It’s been an unusual past month or so for Tim Thomas, at least by the standards that Thomas and only few other NHL goalies hold. The pipe-protector entered Thursday having allowed 11 goals in his last four starts, including a pair of four goal outings.
Not exactly reason for panic, but a bit supbar for last year’s Conn Smythe honoree.
Thursday, in a 2-1 win over Montreal, Thomas rebounded with a fantastic first frame, providing a chance for Boston to win despite a lackluster effort.
Thomas’ timing couldn’t have been better. The Bruins were sloppy all game, especially in the first. Montreal put 16 shots at Thomas in the first, including a bundle from close to the Boston cage.
The scoring chances came in bunches. There was Max Pacioretty’s breakaway and the subsequent look from the hashes for Erik Cole on a cross-crease pass seconds later. There was the Andrei Kostitsyn point-blank look off an abysmal Dennis Seidenberg turnover.
“We turned a lot of pucks over during breakouts and gave them some pretty good scoring chances,” B’s coach Claude Julien said. “Tonight, I have to say that we didn’t play well. Not well enough. The turnovers, the sloppiness, the not getting pucks in, not being strong on the puck.”
And yet, the B’s came away from the first up 1-0, and from the game with a 2-1 win.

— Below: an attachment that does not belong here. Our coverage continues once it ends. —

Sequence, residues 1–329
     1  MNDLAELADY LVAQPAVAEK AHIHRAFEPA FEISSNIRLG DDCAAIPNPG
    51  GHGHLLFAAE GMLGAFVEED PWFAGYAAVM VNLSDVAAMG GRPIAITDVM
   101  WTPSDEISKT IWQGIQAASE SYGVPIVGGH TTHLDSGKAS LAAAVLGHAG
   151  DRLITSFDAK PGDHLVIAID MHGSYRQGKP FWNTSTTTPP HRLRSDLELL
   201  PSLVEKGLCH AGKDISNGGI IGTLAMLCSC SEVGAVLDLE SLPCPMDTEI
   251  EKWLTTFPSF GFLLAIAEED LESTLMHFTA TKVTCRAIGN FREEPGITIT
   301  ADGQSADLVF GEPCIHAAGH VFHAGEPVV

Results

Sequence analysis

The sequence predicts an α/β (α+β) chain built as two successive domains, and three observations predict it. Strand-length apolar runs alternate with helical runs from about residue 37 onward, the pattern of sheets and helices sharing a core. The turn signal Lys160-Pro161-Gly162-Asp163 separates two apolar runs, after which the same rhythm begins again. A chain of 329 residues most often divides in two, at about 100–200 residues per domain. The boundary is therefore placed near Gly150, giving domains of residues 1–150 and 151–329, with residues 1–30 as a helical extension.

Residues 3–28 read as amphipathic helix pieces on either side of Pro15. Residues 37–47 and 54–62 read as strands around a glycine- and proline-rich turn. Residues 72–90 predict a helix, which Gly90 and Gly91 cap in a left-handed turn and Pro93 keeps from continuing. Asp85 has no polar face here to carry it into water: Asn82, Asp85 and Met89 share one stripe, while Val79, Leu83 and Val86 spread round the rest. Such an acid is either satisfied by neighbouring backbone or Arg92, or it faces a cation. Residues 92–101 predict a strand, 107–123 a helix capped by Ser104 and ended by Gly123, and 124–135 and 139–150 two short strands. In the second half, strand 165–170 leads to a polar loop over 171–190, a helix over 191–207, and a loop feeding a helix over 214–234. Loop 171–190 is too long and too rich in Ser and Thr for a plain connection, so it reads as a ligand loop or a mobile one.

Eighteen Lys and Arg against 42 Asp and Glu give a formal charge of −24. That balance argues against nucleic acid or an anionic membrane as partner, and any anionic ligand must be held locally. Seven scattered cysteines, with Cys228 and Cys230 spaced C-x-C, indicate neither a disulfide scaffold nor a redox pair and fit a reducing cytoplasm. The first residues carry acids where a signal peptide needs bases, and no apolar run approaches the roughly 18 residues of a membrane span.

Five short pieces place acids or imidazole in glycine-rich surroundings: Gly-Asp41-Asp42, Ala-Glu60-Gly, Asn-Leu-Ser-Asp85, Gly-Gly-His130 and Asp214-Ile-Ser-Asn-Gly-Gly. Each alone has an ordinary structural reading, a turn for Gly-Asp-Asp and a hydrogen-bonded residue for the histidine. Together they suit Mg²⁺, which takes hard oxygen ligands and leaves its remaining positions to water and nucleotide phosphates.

Of Thomas’ 18 wins this year, this may have been the one where his play was most crucial.
“They had some decent chances in the first period,” Thomas said. “They were buzzing around. I think it was important to stop that flurry and not give them any confidence heading into the rest of the game, the second and third. I was just waiting for us to take over, basically.”
The takeover never quite came, although the latter periods were cleaner defensively than the first. Montreal took just six shots on goal in the second and 12 in the third.
The lone goal was a power-play tally in the third by Yannick Weber.
“Cole did a good job of screening me,” Thomas said. “I felt like if I saw the puck tonight, there was no way they were going to score. That’s why I may have been a bit frustrated when I got scored on. I felt good and I didn’t think they were going to score.”
Thomas’ confidence came from his success during the frantic first. The creaseman allowed four goals recently to Vancouver and Dallas, disappointing efforts that both started with Thomas facing extended 5-on-3 situations.
“Instead of us being in the box, we had a good bounce and got an early goal,” Thomas said, alluding to Jordan Caron’s first period tally gifted from a bounce off the glass. “It’s just totally different.”
Thomas isn’t a believer in the old goaltending theory about more shots creating comfort for a keeper. Thursday, though, he acknowledged it made a positive difference.
“Sometimes it helps,” Thomas said. “It depends on whether they score or not. If it’s 16 shots, two or three goals, it doesn’t help a lot. It can be nice, but you know, basically, you just make whatever comes up in a game, make what you can out of it and do what you can.
“No use worrying what an ideal start would be. Even if you figure out what an ideal start is, it ain’t going to happen, not very often.”
It happened Thursday for Thomas, who fed off the frantic first and rode that momentum through to the game’s end.
“For the most part, I played more aggressive today than I have in a few days,” he said. “I was feeling strong enough and fast enough that I could be aggressive and still get back tonight.”